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8 years after attempted murder, Terrance Roberts is still answering for those 5 shots

Years ago, gang member-turned-activist Terrance Roberts went on trial for a shooting at his peace rally – the subject of Julian Rubinstein's book "The Holly."

DENVER — The 8-year-old attempted murder of a gang member isn't headline news, but when the shooter is a neighborhood hero known for steering Denver youth away from violence, it’s a story that sticks.

Terrance Roberts is the subject of Julian Rubinstein's book "The Holly: Five Shots, One Gun, and the Struggle to Save an American Neighborhood," published earlier this year.

“I never wanted to be a gangster," Roberts, 45, said from his Denver apartment. "My life just unfolded it that way."

In the 1980s, it wasn’t just crack cocaine that migrated east from South Central Los Angeles. The infamous gangs donning blue and red came, too.

“It landed here," Roberts said. "One of the first cities it landed was in Northeast Denver, first in the Five Points.”

In the 1990s, a corner in the Northeast Park Hill neighborhood known as The Holly, near 33rd Avenue and Holly Street, became the hub of the community and of Bloods activity.

Credit: Corky Scholl
The corner of 33rd Avenue and Hudson Street in Denver.

“If you are not as good in basketball as Chauncey Billups, if you were not going to the NFL, you better be very, very intelligent kids, like going to Harvard, or are you gonna fall in line? You’re gonna have to fight,” Roberts said.

He spent ages 14 to 26 gangbanging, aka committing criminal activity, for the Bloods. He spent a total of 10 years in prison.

Roberts' father, Pastor George Roberts, described his son's past: “When Terrence was ‘Showbiz,’ Terrence was a for-real character. He was scandalous. He put in a whole lot of work."

“I haven’t been arrested 50 times, but quite a few," Terrence Roberts added. "For weapons cases, fighting, gang violence, shootings, whatever."

While serving time for a weapons charge in 2004, Roberts began reading the teachings of Martin Luther King Jr., Malcom X and Jesus Christ.

“The same way I fell in love with gangster rap and wanting to be a Blood in '89 and '90, I started falling in love. I couldn’t wait to get locked in my cell so I could read the Bible,” he said with a smile.

Credit: Courtesy of Terrance Roberts

When Roberts was released from prison, he had a passion to make a difference, said the Rev. Leon Kelly, an anti-gang activist and onetime-mentor of Roberts.

In 2005, Roberts became a full-blown anti-gang activist and established the nonprofit organization The Prodigal Son Initiative.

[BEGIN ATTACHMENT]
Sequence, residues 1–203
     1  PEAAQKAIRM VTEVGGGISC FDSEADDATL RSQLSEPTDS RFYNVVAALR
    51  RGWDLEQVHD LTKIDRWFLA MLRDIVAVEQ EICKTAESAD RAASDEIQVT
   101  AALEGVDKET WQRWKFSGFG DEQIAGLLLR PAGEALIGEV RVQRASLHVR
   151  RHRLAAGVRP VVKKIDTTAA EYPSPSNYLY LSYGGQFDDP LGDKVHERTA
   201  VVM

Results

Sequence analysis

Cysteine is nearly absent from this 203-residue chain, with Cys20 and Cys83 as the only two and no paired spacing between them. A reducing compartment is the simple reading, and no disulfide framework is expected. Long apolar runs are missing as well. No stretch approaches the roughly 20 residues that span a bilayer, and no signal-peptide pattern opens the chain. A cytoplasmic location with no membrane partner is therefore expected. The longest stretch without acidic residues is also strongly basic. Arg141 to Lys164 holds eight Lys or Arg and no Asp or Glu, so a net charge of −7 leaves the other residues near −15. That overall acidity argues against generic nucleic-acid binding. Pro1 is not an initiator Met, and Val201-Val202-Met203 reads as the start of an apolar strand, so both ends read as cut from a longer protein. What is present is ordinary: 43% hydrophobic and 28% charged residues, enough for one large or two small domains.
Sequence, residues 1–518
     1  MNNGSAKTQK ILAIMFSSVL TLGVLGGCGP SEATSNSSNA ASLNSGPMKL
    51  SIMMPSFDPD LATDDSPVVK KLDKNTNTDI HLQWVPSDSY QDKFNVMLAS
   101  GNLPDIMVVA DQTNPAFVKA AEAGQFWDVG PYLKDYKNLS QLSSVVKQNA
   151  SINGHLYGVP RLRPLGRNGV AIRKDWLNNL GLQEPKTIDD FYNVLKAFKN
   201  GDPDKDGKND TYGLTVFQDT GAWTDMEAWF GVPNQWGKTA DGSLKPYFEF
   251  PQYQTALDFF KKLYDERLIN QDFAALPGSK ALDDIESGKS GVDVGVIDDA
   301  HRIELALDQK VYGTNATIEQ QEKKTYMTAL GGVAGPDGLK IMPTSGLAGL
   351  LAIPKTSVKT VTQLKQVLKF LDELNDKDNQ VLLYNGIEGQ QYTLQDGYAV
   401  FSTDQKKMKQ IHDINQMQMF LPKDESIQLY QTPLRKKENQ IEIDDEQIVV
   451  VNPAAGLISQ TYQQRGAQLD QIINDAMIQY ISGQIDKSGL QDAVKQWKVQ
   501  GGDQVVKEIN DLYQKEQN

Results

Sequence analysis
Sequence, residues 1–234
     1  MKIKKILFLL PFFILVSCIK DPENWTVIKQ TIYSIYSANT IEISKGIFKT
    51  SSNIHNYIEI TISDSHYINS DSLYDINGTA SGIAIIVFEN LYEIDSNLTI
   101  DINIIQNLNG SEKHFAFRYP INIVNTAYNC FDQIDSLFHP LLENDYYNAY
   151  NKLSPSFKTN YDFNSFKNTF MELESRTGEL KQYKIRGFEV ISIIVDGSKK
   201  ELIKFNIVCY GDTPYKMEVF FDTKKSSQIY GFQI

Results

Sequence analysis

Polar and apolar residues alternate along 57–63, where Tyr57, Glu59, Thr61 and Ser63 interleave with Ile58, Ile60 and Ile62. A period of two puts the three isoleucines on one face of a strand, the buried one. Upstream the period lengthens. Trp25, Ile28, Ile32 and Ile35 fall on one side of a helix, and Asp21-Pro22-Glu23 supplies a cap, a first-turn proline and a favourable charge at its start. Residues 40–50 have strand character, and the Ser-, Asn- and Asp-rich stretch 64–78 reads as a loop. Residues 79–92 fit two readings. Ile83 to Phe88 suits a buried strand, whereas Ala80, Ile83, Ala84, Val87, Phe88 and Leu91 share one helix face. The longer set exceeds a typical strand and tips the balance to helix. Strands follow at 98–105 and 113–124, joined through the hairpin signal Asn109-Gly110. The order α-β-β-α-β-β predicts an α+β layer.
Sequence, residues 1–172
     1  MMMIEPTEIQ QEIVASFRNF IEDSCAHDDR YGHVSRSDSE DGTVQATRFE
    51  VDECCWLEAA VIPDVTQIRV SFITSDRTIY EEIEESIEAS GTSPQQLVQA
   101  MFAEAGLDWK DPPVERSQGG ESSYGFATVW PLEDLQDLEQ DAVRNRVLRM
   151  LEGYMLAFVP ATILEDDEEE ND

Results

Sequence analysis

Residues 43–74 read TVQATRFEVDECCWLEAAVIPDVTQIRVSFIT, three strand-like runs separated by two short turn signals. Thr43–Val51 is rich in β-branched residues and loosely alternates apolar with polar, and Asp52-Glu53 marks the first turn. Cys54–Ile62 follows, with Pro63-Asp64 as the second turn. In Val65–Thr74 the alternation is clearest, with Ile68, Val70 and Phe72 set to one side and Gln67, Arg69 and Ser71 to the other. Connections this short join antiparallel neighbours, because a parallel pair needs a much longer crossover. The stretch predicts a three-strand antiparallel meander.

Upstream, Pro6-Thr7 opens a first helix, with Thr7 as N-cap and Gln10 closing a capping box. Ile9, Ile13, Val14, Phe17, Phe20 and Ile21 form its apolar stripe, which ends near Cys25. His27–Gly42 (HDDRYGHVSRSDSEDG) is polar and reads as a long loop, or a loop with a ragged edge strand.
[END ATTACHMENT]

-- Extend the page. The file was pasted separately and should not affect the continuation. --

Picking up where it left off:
“It went from 11 kids to 14 kids to 30 kids, and the next thing you know, me, by myself, I have 60 kids stuffed into classrooms,” Roberts said.

He built basketball courts and fought for a Boys and Girls Club in Park Hill. His work with kids and his Heal the Hood rallies received praise from the mayor, the governor and quite a few fat-pocketed donors.

Credit: KUSA

Roberts was on top of the world, but current gang members don’t always love the moves and message of the reformed.

Tension turned to bloodshed at Roberts' own peace rally in 2013.

Hasan Jones, a 23-year-old Blood, was among the crowd that started gathering for the rally that Friday evening in September.

“I had been beefing with Hassan all that day,” Roberts said.

“I asked him [Hasan] ‘Are you going to [expletive] me up?’ and he said ‘Yeah, we’ll be over there in a minute ‘on Bloods.’ So, when he said that, I have my gun in my truck, and we were standing there, I thought we were just gonna -- cause there were like, 30 or 40 people."

Terrance walked through the moments before the shooting.

“They tried to collapse on me, and that’s when I upped my pistol and shot in their direction to defend myself," he said.

Two of five bullets paralyzed Jones, and Roberts found himself facing a life sentence.

“My intentions were not to have to fire my gun. I didn't even have it on me. I had it in my truck, like 40 yards away. I didn’t think they were going to attack me at my peace rally," he said. "I was carrying my gun, though, because they were threatening me, and leaving notes, leaving knifes."

Ultimately, a jury believed that Roberts acted in self-defense. Despite his acquittal, eight years later, he’s still answering for those five shots.

“The downfall of what I found with Terrance is that you can’t play both sides of the streets, both sides of the fence,” Kelly said.

“I’ve never seen no Blood and no Crip do what Terrence has done far as marching, as far as bringing peace,” Robert's father, George Roberts, added.

Despite the new book bringing Roberts' name back into the limelight, Northeast Park Hill is still a neighborhood divided on what really went down that night and what really caused the rise and fall of the hood’s hero.

“I want to be a revolutionary. That’s what I care about,” Roberts said. “My intentions have been to just help my people the best I can.”

Roberts has found normalcy after his acquittal. He works as a home inspector and still uses his free time to fight injustice.

He founded the nonprofit group The Frontline Party for Revolutionary Action and has held protests on behalf of Elijah McClain and Alexis Mendez-Perez.

> Below, Julian Rubinstein, author of "The Holly," talks about his book.

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